University of Pennsylvania R.A.s Vote to Unionize

At Penn, like many universities, R.A.s currently receive free housing and some meals but no pay for what the university describes as 15 to 20 hours per week of work.

Students involved in union drives at Penn and other schools have said that they want more benefits for undergraduate workers, including stipends, scheduling policies and protections against arbitrary firings and other kinds of discipline. The National Labor Relations Board had said that 218 undergraduate and graduate R.A.s would be covered by the new union at Penn.

“We as R.A.s are integral to campus life but are consistently undervalued and underpaid,” Penn union organizers wrote on Instagram in March, when they first filed a petition to be recognized. “We are organizing for fair compensation, better communication and a more democratic workplace — when R.A.s are supported, so is the entire Penn community.”

The demands challenge longstanding assumptions among administrators about the aims of undergraduate work gigs.

“What we thought of as training opportunities, they see as jobs,” Lori White, the president of DePauw University in Greencastle, Ind., said during a discussion with university presidents and journalists this month.

Until recently, labor organizing on college campuses usually involved faculty members, full-time employees or graduate students.

But this week’s vote in Penn’s Houston Hall extended efforts to bring undergraduates into labor’s fold. Since the start of 2022, some undergraduates have unionized at a range of universities, including Columbia, Barnard and Wesleyan. That has added up to an “extraordinary and historic” run of labor organizing on campuses, according to an analysis by the National Center for the Study of Collective Bargaining in Higher Education and the Professions at Hunter College.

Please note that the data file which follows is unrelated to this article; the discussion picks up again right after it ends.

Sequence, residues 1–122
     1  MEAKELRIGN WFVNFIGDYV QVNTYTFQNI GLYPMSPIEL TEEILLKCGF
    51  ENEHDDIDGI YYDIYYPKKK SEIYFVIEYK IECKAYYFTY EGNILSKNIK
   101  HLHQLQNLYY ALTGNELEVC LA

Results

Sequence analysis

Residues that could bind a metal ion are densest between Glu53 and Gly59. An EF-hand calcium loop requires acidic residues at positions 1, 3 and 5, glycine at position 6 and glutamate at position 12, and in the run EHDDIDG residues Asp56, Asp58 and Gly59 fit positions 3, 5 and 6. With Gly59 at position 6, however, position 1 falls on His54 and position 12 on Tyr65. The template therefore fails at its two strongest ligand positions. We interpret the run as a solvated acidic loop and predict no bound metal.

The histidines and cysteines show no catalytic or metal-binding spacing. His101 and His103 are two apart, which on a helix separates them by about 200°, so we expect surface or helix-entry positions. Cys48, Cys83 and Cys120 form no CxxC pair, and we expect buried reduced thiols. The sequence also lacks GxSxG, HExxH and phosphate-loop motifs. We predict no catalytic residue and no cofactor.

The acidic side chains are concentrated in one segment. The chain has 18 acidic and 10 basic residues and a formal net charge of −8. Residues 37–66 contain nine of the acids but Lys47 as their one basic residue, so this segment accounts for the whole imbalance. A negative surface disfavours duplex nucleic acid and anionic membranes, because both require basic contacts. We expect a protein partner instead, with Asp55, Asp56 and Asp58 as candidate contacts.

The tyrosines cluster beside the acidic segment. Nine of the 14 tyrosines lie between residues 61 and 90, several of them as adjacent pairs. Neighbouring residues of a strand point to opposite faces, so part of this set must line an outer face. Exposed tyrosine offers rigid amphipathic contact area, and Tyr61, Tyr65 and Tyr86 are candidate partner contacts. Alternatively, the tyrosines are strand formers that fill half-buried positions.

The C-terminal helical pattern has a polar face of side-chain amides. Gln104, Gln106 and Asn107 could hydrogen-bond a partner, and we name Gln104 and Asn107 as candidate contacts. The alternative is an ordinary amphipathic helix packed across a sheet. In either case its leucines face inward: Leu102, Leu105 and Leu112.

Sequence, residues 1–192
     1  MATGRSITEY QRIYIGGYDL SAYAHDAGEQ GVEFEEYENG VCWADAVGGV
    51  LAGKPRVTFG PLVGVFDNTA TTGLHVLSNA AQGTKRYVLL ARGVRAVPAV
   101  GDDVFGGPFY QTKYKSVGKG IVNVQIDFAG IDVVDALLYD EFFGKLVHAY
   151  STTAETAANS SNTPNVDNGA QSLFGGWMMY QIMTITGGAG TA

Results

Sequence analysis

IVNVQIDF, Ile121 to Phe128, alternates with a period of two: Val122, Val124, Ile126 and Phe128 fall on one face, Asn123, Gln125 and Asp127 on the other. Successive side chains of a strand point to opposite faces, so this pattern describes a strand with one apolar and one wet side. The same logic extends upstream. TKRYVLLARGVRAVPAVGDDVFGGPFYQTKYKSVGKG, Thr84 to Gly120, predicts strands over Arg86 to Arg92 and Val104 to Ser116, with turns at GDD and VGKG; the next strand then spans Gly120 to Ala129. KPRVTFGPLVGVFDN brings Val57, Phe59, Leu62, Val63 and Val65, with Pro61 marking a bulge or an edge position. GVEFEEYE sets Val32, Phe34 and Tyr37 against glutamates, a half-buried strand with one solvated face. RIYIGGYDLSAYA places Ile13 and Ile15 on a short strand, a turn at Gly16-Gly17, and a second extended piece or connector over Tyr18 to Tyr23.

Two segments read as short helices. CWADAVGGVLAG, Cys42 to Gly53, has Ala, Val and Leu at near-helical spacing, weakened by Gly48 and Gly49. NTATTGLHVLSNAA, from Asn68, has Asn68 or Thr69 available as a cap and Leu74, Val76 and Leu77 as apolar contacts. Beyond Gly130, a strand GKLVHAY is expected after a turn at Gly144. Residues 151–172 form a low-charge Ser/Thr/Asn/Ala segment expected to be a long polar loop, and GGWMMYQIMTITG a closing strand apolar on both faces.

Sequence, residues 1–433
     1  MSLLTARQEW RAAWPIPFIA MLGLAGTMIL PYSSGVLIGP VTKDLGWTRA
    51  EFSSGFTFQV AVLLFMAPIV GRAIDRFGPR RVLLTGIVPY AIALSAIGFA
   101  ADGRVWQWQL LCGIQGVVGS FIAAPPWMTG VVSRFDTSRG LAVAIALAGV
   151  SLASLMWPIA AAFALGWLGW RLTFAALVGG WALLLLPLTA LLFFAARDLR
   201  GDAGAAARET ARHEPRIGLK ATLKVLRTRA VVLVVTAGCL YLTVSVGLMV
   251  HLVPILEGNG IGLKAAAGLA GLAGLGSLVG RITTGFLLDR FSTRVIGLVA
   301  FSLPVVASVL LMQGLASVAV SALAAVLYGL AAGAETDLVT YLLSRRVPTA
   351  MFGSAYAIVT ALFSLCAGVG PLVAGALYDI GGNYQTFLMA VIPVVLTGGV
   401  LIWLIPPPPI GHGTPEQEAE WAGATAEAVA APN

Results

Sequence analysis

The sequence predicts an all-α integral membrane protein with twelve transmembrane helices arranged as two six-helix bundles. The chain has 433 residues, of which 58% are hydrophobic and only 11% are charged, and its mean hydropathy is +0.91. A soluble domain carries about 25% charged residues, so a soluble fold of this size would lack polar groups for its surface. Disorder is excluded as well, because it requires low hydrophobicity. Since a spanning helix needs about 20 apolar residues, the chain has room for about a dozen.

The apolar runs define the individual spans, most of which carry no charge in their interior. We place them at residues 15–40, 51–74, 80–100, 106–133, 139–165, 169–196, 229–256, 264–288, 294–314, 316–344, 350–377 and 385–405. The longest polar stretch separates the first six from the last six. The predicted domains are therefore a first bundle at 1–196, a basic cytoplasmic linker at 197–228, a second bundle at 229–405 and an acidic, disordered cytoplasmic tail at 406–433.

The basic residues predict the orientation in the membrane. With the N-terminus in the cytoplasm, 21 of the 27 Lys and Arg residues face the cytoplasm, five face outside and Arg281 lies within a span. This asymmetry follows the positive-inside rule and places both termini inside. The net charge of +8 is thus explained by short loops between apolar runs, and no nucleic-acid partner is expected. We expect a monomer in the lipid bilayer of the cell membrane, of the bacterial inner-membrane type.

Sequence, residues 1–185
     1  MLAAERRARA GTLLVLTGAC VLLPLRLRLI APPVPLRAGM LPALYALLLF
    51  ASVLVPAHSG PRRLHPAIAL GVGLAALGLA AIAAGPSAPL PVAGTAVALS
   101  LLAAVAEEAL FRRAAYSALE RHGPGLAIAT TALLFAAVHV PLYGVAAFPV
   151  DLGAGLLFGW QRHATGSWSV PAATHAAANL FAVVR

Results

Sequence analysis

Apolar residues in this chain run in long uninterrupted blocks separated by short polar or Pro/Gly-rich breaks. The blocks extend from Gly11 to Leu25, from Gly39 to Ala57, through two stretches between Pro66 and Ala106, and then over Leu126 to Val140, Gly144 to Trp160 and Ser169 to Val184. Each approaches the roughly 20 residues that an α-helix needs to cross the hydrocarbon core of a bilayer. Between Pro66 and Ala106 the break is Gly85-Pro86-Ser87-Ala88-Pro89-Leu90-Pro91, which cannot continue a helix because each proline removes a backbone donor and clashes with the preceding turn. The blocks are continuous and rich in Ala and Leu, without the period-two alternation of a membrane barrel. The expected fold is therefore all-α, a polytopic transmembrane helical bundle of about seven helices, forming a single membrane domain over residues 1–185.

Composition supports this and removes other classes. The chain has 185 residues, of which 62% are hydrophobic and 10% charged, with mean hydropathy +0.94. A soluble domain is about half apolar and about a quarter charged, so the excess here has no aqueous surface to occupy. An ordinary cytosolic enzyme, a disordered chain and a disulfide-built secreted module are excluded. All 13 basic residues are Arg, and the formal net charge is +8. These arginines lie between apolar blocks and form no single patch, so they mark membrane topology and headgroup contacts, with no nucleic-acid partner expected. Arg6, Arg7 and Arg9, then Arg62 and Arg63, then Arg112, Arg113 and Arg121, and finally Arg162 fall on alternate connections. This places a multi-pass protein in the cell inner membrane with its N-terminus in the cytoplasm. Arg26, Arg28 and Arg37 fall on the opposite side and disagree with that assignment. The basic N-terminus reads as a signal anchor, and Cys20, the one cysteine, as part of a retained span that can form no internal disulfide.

Penn opposed the unionization effort on its Philadelphia campus, arguing that R.A.s were not covered by the federal law that governs collective bargaining. But in August, an N.L.R.B. official rejected Penn’s assertions and ordered this week’s secret-ballot election.

In a statement after the polls closed on Thursday night, Penn did not repeat its opposition. Instead, it thanked students “who participated in this important process.”

After the Penn election results are certified, the university and the newly recognized union will begin negotiating toward a contract, a process that could take months. Resident advisers at Tufts University, for example, voted in December to unionize and only this week ratified a three-year contract with the university, which agreed to pay the students $2,850 and cover 160 dining hall meals per academic year. The negotiations were sometimes tense: In August, the advisers staged a strike on move-in day.

Efforts to organize undergraduate students are also bubbling elsewhere. At the University of Oregon, student workers will vote in October on a unionization effort. Some Harvard undergraduates, including library and dining workers, will also vote next month.

And California State University students are waiting for a ruling from a state board about their quest for a unionization vote. Union officials have estimated that a successful campaign at Cal State, the largest four-year public university system in the country, would affect about 10,000 undergraduate workers.